Home Economics Department
“Will it wear?” This is a question commonly asked by the customer when confronted with a great many bolts of fabric of numerous patterns and weights. When the clothing budget is limited it is especially important that one choose a fabric that will give the most service. Often the customer wants to know, “Will the heavier material wear longer than the lightweight material?” Unfortunately, no one has found a way to answer these questions definitely by laboratory tests alone. The term “wear,” as used by the consumer, is a broad term. Not only is wear itself a part of the picture, but dry cleaning, aging, exposure to light, and any other treatment the garment must stand have something to do with how long it will last. All the “extra” treatment a garment receives, such as bending, rubbing, and creasing, makes it difficult to reproduce in the laboratory the actual effects of wear. So in order to study the wearing qualities of one type of fabric, 27 pairs of trousers were made from an all-wool material of three different weights. Nine pairs of trousers were made from each weight of material. This allowed three pairs for each wear period, thus avoiding the undue influence of one person’s wearing habits on the test. The trousers were worn by men students at South Dakota State College for one, two and three periods, each wear period being 1500 hours. This means that three pairs of each weight were worn 1500 hours, three pairs worn 3000 hours and three pairs, 4500 hours. The trousers were dry cleaned and inspected after every 300 hours of wear. Lengths of the same material were set aside as “control” fabrics. This material was not worn, of course, but was paired with the trousers and received the same amount of dry cleaning and aging as the worn garments. Another set of pieces was stored for a corresponding period without cleaning. By checking the fabric measurements of these samples against those of the worn trousers, it was possible to discover the separate and combined effects of wear, of dry cleaning, and of aging.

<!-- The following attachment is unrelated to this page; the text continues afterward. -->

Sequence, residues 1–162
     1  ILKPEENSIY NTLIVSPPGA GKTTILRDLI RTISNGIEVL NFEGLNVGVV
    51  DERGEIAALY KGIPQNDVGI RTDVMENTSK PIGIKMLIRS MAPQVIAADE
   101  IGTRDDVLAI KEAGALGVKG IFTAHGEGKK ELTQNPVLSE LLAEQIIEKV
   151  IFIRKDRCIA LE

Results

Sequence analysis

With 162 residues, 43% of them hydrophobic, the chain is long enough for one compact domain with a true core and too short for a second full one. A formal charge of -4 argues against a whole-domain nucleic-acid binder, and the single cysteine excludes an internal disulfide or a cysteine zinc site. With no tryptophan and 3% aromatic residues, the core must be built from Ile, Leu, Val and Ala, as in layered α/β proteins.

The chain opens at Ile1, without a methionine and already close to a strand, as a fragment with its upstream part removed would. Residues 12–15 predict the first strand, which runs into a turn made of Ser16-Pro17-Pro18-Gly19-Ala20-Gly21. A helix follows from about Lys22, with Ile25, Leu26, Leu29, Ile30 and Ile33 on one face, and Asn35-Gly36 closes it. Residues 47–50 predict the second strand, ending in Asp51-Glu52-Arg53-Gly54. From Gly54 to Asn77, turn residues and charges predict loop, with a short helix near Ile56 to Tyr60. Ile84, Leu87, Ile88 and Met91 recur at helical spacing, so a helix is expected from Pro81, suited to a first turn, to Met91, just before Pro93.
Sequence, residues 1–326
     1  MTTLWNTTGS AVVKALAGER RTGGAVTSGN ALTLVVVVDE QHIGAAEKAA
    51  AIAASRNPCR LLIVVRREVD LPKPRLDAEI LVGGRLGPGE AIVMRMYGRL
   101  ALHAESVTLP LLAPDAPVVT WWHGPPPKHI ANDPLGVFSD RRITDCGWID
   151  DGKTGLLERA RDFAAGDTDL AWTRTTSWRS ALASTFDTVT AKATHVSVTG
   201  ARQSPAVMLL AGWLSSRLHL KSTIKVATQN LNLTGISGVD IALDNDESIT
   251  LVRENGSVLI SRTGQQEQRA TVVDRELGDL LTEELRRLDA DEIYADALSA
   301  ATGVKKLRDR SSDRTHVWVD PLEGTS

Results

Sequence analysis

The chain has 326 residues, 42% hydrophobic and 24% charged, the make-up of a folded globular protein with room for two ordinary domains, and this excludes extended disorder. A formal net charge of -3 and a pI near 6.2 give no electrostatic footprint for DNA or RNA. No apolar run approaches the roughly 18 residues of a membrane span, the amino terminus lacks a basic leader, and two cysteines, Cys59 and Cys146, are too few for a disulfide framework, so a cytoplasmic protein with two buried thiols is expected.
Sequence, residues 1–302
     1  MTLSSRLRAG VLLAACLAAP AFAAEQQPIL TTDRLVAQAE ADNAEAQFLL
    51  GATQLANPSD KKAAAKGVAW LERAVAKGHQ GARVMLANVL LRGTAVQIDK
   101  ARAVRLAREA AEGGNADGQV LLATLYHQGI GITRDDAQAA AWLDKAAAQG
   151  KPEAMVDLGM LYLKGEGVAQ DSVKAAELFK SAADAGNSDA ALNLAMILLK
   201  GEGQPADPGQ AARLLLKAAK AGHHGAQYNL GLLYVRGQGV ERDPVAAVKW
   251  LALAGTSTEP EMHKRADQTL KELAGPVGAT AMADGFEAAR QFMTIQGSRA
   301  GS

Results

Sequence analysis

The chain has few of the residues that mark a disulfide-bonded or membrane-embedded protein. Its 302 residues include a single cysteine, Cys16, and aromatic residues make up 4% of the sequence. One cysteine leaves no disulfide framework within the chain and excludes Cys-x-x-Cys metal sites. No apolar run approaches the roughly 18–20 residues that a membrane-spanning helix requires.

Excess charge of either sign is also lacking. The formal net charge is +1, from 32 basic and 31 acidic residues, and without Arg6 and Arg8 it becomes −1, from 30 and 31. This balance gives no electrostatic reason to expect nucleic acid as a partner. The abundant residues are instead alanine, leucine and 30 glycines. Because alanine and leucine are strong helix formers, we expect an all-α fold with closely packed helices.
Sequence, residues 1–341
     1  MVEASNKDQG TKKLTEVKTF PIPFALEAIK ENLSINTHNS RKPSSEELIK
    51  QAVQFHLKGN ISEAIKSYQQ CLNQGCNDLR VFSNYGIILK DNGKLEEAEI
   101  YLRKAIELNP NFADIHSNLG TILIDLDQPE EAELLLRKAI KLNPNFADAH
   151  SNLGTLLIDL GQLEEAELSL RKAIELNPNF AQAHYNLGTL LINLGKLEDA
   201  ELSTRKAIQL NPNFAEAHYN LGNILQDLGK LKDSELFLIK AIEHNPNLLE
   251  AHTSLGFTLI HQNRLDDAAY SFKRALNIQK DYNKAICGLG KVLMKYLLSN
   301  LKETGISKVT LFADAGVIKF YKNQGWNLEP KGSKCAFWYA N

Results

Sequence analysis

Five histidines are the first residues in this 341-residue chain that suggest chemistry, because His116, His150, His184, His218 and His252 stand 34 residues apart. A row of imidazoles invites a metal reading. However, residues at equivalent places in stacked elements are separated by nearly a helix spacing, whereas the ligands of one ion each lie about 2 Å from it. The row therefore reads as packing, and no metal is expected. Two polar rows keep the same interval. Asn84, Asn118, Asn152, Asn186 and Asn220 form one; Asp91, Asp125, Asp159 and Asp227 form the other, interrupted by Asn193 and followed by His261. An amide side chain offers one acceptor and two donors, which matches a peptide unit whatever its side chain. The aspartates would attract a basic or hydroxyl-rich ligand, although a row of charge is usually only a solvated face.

South Dakota State College of Agriculture and Mechanic Arts, Agricultural Experiment Station
Lund, L. O., "The Effects of Wear on Wool Fabrics" (1948). Agricultural Experiment Station Circulars. 70.